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Oregon v. Fuller

January 12, 1973

STATE OF OREGON, RESPONDENT,
v.
PRINCE ERIC FULLER, APPELLANT



Appeal from Circuit Court, Multnomah County. Alfred T. Sulmonetti, Judge. No. C-72-05-1685 Cr.

J. Marvin Kuhn, Deputy Public Defender, Salem, argued the cause for appellant. With him on the brief was Gary D. Babcock, Public Defender, Salem.

John W. Osburn, Solicitor General, Salem, argued the cause for respondent. With him on the brief was Lee Johnson, Attorney General, Salem.

Schwab, Chief Judge, and Foley, Judge. Fort, Judge, dissenting.

Schwab

The sole question in this appeal which merits discussion is whether a sentencing court has authority to include among the conditions of probation the requirement that a defendant repay attorney fees and investigator fees that the county expended on his behalf because he was indigent at the time of trial. Such a sentence is authorized by ORS 161.665, 161.675 and 161.685,*fn1 enacted by the legislature in 1971. Oregon

Laws 1971, ch 743, ยงยง 80, 81 and 82, p 1899. Relying on James v. Strange, 407 U.S. 128, 92 S Ct 2027, 32 L Ed

2d 600 (1972), defendant argues it is unconstitutional to require repayment of such fees as part of a sentence.

The Supreme Court in James v. Strange, supra, held a Kansas statute providing for recoupment of attorney fees from indigent defendants violated the Equal Protection Clause of the Fourteenth Amendment to the United States Constitution. However, the sole basis for this holding was that the Kansas law did not allow indigent defendants ordered to pay such fees all of the exemptions from execution provided for other judgment debtors. The court did not hold that a statutory scheme for recoupment of attorney fees

on its face violated the Equal Protection Clause. Neither did it find such statutes on their face impaired a defendant's Sixth Amendment right to counsel.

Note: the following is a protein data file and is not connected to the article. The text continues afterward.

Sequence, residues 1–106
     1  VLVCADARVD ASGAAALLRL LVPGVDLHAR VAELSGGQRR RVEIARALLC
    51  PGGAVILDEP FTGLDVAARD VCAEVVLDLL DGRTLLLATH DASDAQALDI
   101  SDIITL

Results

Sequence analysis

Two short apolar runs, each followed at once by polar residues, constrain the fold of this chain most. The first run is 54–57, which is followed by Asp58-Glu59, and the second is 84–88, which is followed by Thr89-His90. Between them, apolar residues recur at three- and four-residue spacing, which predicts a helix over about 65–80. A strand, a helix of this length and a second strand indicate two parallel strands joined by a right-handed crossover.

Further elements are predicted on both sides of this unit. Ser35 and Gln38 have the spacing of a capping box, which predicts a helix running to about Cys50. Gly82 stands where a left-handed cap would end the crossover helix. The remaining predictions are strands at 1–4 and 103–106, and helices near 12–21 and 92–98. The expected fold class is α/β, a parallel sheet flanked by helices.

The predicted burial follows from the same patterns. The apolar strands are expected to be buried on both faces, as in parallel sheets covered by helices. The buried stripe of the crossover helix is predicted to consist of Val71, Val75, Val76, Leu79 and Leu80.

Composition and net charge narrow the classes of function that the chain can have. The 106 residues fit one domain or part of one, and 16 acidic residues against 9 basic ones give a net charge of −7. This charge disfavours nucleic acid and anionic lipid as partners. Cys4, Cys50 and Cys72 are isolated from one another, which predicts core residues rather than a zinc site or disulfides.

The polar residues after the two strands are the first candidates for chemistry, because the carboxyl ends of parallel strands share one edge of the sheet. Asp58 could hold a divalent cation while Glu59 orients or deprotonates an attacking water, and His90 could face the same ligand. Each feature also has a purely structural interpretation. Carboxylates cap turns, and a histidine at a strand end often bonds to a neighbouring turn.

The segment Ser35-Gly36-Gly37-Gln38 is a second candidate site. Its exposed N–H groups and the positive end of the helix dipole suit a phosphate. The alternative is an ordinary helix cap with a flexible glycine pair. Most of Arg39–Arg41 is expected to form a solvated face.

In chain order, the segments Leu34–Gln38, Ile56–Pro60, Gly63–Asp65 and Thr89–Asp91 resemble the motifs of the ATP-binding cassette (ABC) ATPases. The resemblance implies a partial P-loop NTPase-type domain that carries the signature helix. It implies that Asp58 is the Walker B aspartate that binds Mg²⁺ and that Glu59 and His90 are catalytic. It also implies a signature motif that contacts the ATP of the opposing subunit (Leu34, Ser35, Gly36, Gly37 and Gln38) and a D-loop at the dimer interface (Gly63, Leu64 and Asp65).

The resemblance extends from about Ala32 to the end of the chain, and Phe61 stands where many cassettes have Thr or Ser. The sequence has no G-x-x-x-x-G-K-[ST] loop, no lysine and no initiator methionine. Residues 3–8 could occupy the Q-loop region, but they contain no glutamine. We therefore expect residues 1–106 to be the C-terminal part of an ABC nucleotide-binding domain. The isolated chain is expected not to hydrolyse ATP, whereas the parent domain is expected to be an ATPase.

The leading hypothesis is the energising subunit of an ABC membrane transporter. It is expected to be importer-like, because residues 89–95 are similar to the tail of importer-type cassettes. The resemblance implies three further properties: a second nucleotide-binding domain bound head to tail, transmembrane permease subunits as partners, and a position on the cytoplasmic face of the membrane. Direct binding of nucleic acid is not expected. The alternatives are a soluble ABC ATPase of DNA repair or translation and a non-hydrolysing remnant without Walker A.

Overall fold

ORS 161.665(1) and 161.665(3) read together authorize a sentencing court to require a convicted defendant to repay certain costs if he is or will be able to pay them. A sentence requiring repayment of costs is never mandatory. Normally, the judgment for costs is docketed as a judgment in a civil action and enforced in the same manner as a civil judgment. ORS 137.180;*fn2 ORS 137.450;*fn3 ORS 161.685(6). Alternatively, ORS 161.675(2) provides that when a defendant sentenced to repay costs is also placed on probation the court may make repayment of the costs a condition of probation. In this case defendant received the sentence authorized by ORS 161.675(2). His contention that such a sentence is invalid presents three issues.

(1) Are fees of appointed defense attorneys and investigators "costs" which may be assessed against a convicted defendant under ORS 161.665?

(2) Is such a statute inconsistent with defendant's right to counsel or to equal protection of the laws?

(3) Assuming a civil recoupment statute is valid under the Sixth and Fourteenth Amendments to the

United States Constitution, is the repayment of costs as a condition of probation involving possible imprisonment under certain circumstances for nonpayment ...


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